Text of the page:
BobJ and Sandy,
Thanks for the reference. This is a very useful thing for all cruising boats to do.
I took a quick look at five of them (Alchera, Chesapeake, Dream Chaser, Nana, and Ragtime).
Some very useful data there. However, I did note a couple of things which seem off:
1. refrigeration consumption was very low
, compared to installations I know about; not many boats are going to get by with 20-30AH total draw per 24 hours;
2. computer consumption was way low
, at least for laptops. They certainly draw more than the 16-25 watts shown....many draw 6-7 amps; maybe they're talking about dedicated chartplotters?
3. SSB transmit draw was often shown as near the maximum
; while this could happen with data transmission
voice is way less...more like 40-60% of maximum draw average.
4. some didn't seem complete
, i.e., they must have had some of the equipment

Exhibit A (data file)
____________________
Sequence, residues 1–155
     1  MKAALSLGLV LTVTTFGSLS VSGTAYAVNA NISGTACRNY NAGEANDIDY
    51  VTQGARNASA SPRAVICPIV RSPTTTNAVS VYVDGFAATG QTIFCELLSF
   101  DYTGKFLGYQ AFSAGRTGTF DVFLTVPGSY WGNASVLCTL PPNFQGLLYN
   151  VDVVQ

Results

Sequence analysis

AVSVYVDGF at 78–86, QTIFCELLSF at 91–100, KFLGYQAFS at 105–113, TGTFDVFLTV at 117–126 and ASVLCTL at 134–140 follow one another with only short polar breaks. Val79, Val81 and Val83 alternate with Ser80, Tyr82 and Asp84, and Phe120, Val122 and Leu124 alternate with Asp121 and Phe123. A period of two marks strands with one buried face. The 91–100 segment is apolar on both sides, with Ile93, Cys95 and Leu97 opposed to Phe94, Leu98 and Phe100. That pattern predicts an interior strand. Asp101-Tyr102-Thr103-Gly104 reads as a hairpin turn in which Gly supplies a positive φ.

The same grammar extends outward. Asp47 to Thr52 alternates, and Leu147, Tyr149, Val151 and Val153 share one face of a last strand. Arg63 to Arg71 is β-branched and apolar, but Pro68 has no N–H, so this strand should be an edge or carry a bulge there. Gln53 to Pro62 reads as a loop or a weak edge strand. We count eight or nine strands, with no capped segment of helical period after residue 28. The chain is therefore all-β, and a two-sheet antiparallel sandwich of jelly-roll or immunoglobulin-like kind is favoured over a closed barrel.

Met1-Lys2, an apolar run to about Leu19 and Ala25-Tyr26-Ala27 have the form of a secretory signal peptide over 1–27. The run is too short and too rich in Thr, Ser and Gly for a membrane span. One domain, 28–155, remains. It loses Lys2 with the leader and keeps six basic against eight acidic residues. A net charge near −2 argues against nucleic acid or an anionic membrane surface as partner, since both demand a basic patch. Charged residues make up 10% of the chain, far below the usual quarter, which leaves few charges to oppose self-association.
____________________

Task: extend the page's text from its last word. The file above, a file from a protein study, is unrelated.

onboard for which no data were shown. Of course, as you said, these are racing
boats, or at least boats participating in a race
5. the recommended battery size
apparently results from a simple multiplication factor, and doesn't take account of the boat's size, things missed in the listing, etc. Some of these seem way off, e.g., the recommended battery size of about 100AH (for the boat which showed an incredibly low 73AH/day consumption rate). I wouldn't set off for Hawaii
in ANY boat with only 100AH of house battery power aboard :-)
6. the charge times
are, as the spreadsheet says, based on 100% alternator
output. This only happens for the first few minutes. After the alternator
warms up, it's output will be reduced. Might have been better to build in a compensating factor, like 75% of alternator output.
Some of these boats were no doubt fitted with energy monitors, like the Link series. I'd be interested to know how closely the results on paper came to the "actuals" as measured by the monitors.
All-in-all, a very useful exercise, though.